Conor Oberst :: The Aquarium Drunkard Interview

Conor Oberst has never shied away from the apocalyptic, but on the new Bright Eyes album Down in the Weeds, Where the World Once Was he sings about the end of the world like an eye witness reporter. “I think we all, to some degree, are dreaming the same dreams and we’re fighting the same internal battles in our minds and hearts.”

Wyatt Waddell :: FIGHT!

23-year-old Wyatt Waddell wrote, performed and recorded “FIGHT!” in 24 hours after witnessing the protests sparked by the brutal killing of George Floyd. That urgency presents itself both lyrically; “There’s already so much pain / And there ain’t nothin else we can do / But to fight,“ and musically; sparse church rhythms keep a fierce pace as the Chicago native’s gritty tenor transforms into a sea of otherworldly voices. Wonderful funk breakdowns help release (or it increase?) the tension, while Waddell’s vocals climb higher and grow more exasperated with each passing verse. By the end of the track, he’s levitating above the masses that he’s instructing. This is a distinctively inspiring voice that we would all be wise to follow.

Shirley Collins :: Wondrous Love

There are voices. And then there are Voices. With “Wondrous Love,” Shirley Collins reminds us she’s in the latter category, bringing fresh humanity this early 1800s Sacred Harp hymn (with roots stretching back even further to the British isles).

Brigid Mae Power :: On a City Night

Brigid Mae Power returns with her third long player, Head Above the Water, on June 5th. The first taste from the record—the lush “On a City Night”—is an organ and pedal steel-soaked country shuffle. Plaintively furtive in its imagery, the tune plays like a deceptive still life; its characters in a state of suspended animation while the world blurs in motion.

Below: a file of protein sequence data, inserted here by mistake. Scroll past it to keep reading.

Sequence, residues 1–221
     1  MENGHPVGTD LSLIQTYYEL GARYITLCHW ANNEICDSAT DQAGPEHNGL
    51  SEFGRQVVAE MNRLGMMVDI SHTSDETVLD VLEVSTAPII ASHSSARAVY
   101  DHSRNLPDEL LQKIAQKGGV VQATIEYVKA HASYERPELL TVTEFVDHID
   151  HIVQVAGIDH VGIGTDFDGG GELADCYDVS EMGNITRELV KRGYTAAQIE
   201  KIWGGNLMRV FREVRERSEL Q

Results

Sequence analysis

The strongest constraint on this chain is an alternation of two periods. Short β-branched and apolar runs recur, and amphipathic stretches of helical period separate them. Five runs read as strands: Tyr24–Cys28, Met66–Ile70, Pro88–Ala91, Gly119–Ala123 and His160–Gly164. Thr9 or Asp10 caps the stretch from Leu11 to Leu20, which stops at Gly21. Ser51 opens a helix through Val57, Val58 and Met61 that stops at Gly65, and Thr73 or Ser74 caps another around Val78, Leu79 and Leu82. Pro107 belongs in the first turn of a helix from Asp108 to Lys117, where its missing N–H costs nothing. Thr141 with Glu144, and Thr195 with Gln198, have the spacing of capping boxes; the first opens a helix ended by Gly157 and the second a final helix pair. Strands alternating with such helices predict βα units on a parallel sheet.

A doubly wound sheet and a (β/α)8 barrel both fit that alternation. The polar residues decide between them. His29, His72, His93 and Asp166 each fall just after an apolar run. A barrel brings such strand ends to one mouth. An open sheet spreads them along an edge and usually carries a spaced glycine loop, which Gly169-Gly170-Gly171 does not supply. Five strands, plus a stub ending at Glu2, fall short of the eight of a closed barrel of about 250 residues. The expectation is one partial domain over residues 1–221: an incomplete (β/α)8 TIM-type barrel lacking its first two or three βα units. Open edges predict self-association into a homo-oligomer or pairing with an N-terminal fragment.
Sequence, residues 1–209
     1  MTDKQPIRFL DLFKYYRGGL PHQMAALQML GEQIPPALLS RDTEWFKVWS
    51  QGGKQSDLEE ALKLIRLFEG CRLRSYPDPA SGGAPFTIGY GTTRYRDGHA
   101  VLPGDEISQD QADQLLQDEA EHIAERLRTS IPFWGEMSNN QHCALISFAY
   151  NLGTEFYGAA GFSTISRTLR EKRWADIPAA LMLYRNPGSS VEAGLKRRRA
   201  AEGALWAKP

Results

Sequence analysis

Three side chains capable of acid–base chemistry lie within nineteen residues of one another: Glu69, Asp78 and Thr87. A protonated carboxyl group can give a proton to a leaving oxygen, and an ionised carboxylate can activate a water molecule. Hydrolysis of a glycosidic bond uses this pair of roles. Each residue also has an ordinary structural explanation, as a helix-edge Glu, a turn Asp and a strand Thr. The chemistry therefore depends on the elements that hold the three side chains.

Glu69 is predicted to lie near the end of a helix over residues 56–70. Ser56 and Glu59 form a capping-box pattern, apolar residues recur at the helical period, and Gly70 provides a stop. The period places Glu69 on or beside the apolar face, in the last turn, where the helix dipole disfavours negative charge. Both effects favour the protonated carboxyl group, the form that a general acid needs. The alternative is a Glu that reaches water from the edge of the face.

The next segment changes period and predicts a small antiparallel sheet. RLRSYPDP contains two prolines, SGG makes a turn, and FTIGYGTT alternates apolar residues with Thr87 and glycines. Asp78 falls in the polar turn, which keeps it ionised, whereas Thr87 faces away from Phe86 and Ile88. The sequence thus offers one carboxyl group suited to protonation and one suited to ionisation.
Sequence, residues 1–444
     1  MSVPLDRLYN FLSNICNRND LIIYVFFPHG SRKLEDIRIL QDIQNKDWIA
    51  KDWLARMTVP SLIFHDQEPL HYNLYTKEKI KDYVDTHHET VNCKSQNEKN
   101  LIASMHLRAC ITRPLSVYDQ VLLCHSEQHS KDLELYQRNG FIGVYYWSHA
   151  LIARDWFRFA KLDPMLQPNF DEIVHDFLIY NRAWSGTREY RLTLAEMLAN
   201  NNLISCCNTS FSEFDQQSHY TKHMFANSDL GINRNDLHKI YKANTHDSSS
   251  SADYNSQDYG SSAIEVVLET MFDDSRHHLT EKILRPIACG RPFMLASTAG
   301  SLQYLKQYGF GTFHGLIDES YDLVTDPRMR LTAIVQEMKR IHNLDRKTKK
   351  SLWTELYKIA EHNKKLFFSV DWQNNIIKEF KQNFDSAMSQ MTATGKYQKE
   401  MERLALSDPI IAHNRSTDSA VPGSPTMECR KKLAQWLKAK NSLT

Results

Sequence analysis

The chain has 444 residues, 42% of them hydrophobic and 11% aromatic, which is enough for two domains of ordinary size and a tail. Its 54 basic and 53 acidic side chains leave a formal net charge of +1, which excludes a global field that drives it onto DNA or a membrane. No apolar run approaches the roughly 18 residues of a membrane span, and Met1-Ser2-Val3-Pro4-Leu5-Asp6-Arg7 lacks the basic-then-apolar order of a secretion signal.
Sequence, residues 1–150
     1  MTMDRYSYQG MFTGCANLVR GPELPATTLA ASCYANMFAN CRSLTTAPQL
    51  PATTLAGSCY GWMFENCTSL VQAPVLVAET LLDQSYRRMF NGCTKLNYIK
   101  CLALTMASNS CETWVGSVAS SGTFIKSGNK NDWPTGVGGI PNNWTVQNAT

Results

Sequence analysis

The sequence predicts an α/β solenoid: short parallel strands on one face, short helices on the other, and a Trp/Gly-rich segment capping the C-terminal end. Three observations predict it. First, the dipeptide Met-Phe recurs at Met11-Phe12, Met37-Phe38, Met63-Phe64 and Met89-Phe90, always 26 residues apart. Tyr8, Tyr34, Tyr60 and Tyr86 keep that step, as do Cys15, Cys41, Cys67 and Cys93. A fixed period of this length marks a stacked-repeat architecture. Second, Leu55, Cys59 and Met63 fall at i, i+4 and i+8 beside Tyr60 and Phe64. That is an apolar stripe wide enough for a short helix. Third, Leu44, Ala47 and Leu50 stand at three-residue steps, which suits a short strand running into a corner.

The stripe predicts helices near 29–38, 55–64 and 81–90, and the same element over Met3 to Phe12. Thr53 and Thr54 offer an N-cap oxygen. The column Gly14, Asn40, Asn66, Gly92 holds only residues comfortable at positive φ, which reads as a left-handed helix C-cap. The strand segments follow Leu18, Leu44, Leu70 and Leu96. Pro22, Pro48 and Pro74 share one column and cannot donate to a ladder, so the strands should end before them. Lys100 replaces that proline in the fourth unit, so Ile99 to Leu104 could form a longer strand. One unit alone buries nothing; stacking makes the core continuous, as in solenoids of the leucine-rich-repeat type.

Tōth: 10 Things I Do To Feel OK

Experimental pop producer Tōth joins us to examine a few of the items in his emotional and mental toolkit, and his observations reveal that his album’s title—Practice Magic And Seek Professional Help When Necessary—is more than a clever comment on the self-care movement we all find ourselves considering, but rather, a code of openness and directness that finds careful application in his life and creative work.

Endless Boogie: Vol I, II

Primal Boogie! This necessary collection from No Quarter brings together the first two Endless Boogie albums: four sides, six glorious jams, recorded on two mics straight into a cassette deck. To call them “out of print” isn’t quite correct – they were barely ever in print at all. Self-released in minuscule pressings in 2005, the LPs both been longtime collectors’ items (and for those of us without deep pockets, passed around in low bit-rate mp3 versions). Now they’re back, and with a totally sweet gatefold, to boot.

Twain: New Miami Sound

On his latest, a lean, seven-song release entitled New Miami Sound, Davidson shows leaps and bounds in his songwriting, embracing piano-driven rhapsodies found in the unlikeliest of places; nostalgia-tinted folk for long casted shadows just beginning to fade. Branching off some strange lineage of Ramblin’ Jack Elliott and Harry Nilsson, his warbly, rustic vocals and subtly profound prose seem to sneak up on you. Often, it feels as though you might turn around to find it gone.